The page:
AUTHOR: Time Warner Interactive RELEASE: 1995 TYP: Beat'em Up SPIELER: 2 LEVEL: - SPRACHE: Eng WERT: ~900€

Der Arcade-Renner Nr. 1, Beherrscher aller Spielhallen, ist los! Nur Primal Rage bietet komplette Einzelbild-Animationen, eine wahnsinns Programmierung für phänomenale Schlagkombinationen und so viele Bewegungen, Spezialtechniken und spektakuläre Entscheidungsschläge, daß einem Hören und Sehen vergeht! Ein Spiel so hart wie… Wackelpudding!?

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Potential. It's something that so many games have, yet whether it's for one or a hundred reasons, so many games fail to reach it. Primal Rage is one of those with a perfect concept, and some terrible execution. It should be a classic, but instead, it's a sub-par, barely playable fighter with a goofy, unmanageable control scheme. Stop motion dinosaurs have taken over the world, and apparently, the world's population couldn't fend off a meager eight of them. Now they've decided an entire continent to themselves isn't enough, and they're going to war to take it all over in sanctioned one-on-one battles. Someone also seems to be keeping track of rounds and time. You tell them they ran out of time. The major problem here is how loose this game plays. Hits seem to connect when they want, the animation is too quick, and the beasts move too much when striking. The latter sounds rather stupid, but unless you've studied this one, you'll never know just where an attack is going. Most of the slashes and bites don't even look like they should damage anything. Adding to the problems are the special moves. These require a ridiculous amount of dexterity, requiring multiple buttons to be held down alongside the usual fighting game motions. After years of other games in this genre, it's impossible for this to feel natural. The fatalities, while worthwhile (you will NEVER forget the first time you pull off the Golden Shower), are just as hard to get off. It's also hard to understand how giant, flesh eating dinosaurs can qualify as bad character design. Since the roster is so small, and there are two giant apes and two Allosaurs, it's really less than that. You can spend the time learning the discrepancies; it's just not worth it. This 32X port suffers from a disappointing lack of color. The backgrounds have taken a major hit. The size of the sprites remains just a little smaller than in the arcade version, just with far less detail. All of the animation seems to be here, though it's difficult to judge considering how fast these attacks go by. All of the music is here, just toned down. It's recognizable, and it's a fair cartridge port. The roars and sickening sound of flesh being ripped apart are here too. As sad as it is, this is the best 2-D fighter on the console. It only earns that distinction because the competition is so awful. Even if this was a perfect port, it would be a perfect port of a terrible game. If you're a Primal Rage fan, there are better versions out there, and you'll be happier there (PS One, Saturn). www.digitpress.com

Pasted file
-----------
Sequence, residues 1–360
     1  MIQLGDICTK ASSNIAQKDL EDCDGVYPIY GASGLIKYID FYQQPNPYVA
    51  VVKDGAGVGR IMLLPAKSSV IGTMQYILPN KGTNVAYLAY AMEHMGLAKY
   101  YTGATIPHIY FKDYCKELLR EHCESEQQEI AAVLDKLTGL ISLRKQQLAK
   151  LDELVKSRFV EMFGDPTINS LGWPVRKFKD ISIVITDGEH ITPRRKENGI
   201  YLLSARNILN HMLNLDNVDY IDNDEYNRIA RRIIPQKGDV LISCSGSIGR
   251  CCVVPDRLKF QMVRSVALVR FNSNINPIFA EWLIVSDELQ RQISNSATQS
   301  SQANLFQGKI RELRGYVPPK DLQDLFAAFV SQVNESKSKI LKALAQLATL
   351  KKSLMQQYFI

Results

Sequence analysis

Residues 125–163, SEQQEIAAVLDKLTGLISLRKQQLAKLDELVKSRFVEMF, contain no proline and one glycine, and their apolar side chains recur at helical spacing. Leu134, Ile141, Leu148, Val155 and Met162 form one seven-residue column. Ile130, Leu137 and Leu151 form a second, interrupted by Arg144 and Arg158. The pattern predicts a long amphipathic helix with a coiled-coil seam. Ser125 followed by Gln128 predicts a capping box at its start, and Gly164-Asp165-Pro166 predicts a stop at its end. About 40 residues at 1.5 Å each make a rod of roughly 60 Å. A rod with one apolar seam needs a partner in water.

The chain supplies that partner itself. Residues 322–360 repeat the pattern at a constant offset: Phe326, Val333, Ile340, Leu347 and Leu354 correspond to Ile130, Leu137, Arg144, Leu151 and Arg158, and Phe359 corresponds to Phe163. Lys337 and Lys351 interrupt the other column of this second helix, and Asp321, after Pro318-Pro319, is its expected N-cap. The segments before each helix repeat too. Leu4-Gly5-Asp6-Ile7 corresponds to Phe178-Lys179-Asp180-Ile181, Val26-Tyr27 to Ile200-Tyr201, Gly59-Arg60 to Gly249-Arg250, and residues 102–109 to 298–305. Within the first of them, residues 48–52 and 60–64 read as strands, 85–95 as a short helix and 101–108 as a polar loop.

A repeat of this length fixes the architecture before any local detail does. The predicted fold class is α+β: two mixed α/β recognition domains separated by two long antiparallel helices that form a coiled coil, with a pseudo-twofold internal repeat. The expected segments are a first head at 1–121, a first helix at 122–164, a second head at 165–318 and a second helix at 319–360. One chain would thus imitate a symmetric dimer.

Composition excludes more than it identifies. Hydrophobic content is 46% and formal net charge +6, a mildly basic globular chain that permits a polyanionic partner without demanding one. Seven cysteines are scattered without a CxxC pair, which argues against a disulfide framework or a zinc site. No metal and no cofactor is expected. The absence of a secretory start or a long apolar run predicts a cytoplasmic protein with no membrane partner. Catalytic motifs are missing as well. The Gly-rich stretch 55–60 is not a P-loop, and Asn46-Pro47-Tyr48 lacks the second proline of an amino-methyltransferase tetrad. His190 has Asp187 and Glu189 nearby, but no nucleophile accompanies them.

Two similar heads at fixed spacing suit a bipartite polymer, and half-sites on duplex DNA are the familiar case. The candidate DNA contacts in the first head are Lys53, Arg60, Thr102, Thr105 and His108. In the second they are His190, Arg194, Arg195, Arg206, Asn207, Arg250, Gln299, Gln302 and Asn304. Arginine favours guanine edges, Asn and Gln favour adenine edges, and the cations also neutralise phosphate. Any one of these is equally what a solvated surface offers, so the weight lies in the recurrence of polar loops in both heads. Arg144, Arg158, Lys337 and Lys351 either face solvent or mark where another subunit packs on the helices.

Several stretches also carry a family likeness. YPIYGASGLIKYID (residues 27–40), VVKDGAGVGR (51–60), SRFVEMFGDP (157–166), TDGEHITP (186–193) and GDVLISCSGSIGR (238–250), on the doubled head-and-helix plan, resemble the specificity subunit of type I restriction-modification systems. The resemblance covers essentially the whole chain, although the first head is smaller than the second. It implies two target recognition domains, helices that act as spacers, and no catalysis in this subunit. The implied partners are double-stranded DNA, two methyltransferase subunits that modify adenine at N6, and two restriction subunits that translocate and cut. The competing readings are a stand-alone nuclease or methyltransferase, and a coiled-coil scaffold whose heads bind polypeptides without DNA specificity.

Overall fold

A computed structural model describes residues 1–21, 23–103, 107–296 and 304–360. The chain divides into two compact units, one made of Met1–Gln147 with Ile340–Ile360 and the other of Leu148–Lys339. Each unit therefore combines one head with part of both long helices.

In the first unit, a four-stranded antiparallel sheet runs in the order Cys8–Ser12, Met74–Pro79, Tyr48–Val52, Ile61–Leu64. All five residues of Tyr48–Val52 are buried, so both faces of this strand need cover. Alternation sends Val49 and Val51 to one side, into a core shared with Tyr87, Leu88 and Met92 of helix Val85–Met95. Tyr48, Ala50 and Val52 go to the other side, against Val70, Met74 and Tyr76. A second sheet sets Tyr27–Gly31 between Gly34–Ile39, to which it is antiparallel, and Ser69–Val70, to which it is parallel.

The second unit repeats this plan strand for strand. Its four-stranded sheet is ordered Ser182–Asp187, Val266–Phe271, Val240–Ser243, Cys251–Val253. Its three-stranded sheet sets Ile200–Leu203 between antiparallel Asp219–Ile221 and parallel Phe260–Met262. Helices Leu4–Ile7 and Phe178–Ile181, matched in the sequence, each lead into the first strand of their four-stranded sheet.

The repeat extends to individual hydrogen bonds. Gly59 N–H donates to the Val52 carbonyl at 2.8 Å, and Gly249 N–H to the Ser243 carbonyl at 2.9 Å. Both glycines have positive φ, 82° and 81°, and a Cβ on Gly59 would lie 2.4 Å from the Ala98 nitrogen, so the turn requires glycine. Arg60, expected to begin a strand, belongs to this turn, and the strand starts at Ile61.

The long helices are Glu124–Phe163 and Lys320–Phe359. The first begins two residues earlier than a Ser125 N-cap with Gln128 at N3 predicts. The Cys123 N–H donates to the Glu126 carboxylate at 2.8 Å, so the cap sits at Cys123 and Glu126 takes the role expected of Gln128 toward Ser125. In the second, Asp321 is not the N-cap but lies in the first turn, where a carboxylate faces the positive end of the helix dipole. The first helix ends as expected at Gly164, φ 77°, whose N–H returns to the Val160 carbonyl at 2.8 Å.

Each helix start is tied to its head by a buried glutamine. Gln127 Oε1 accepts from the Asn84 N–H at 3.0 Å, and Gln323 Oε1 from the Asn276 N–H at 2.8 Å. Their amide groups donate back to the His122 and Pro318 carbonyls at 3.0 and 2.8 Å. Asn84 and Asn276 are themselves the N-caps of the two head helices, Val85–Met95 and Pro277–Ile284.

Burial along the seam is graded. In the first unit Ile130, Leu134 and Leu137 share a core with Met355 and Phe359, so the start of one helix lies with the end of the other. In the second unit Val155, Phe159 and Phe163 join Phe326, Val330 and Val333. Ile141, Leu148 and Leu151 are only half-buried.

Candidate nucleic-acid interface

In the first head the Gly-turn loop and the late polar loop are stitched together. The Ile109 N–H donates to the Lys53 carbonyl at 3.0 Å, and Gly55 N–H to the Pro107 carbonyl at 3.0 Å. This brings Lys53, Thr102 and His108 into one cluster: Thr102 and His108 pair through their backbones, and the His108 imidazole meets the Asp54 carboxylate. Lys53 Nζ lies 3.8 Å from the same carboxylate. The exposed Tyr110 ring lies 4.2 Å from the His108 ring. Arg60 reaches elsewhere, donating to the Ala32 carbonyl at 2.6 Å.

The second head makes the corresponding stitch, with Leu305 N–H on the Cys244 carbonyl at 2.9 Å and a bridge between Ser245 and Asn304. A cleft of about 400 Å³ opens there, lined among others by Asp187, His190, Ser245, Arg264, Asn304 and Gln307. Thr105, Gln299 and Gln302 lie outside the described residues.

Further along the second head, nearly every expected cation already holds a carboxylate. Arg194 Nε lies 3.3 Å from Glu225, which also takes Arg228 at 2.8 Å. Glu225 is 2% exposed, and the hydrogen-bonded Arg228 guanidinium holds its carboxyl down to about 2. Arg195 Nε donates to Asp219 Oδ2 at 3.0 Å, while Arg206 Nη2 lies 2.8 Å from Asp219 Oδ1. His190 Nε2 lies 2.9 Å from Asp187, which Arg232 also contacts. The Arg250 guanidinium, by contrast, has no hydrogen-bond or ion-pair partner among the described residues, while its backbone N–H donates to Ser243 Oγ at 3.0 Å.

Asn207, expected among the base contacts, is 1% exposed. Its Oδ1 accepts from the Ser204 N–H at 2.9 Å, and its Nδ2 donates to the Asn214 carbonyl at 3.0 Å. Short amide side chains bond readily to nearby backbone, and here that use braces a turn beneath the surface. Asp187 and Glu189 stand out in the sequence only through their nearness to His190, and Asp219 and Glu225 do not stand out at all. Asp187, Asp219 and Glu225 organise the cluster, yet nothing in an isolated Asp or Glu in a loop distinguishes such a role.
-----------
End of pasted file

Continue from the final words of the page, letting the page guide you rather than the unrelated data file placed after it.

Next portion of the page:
Like almost every console of the time, the 32x received a version of Atari’s surprisingly popular fighting game Primal Rage (that's Midway/Atari, not the REAL Atari.) Aside from smaller characters and some missing frames of animation, the 32x port is very close to its arcade parent, though the 16-bit versions aren't far off, either. It's rumored that 32x Primal Rage originally began life as a CD game, but was converted over to the cartridge format when the CD games tanked (which may explain the smaller characters.) What we basically have here is a mildly upgraded Genesis game involving motion-captured dinosaurs and Mortal Kombat-inspired fighting. All the “classic” elements are present: blood, fatalities, and even a finishing move involving urination. Primal Rage is one of several average 2-D fighting games for the 32x, neither great nor terrible. Recommended, but just barely. Primal Rage was a surprise hit in the arcades, and a sequel was rumored and pretty much expected. Oddly enough, it never materialized. It seems that even games involving dinosaurs are extinct. The original arcade game is NOT running on Jaguar-based hardware, as has been rumored (though a modified version of the Jaguar chipset was used for several arcade games.) Primal Rage also appeared for the Sega Genesis, Game Gear, and Brazillian Master System, Super Nintendo, Gameboy, 3DO, and Atari Jaguar CD. Note: The Primal Rage character “Sauron” can be found in T-Mek, one of the few 32x-exclusive arcade ports. See the tips and cheats section. www.the32xmemorial.com


megadrive32x/primal_rage.txt · Zuletzt geändert: 2012/01/26 01:34 (Externe Bearbeitung)
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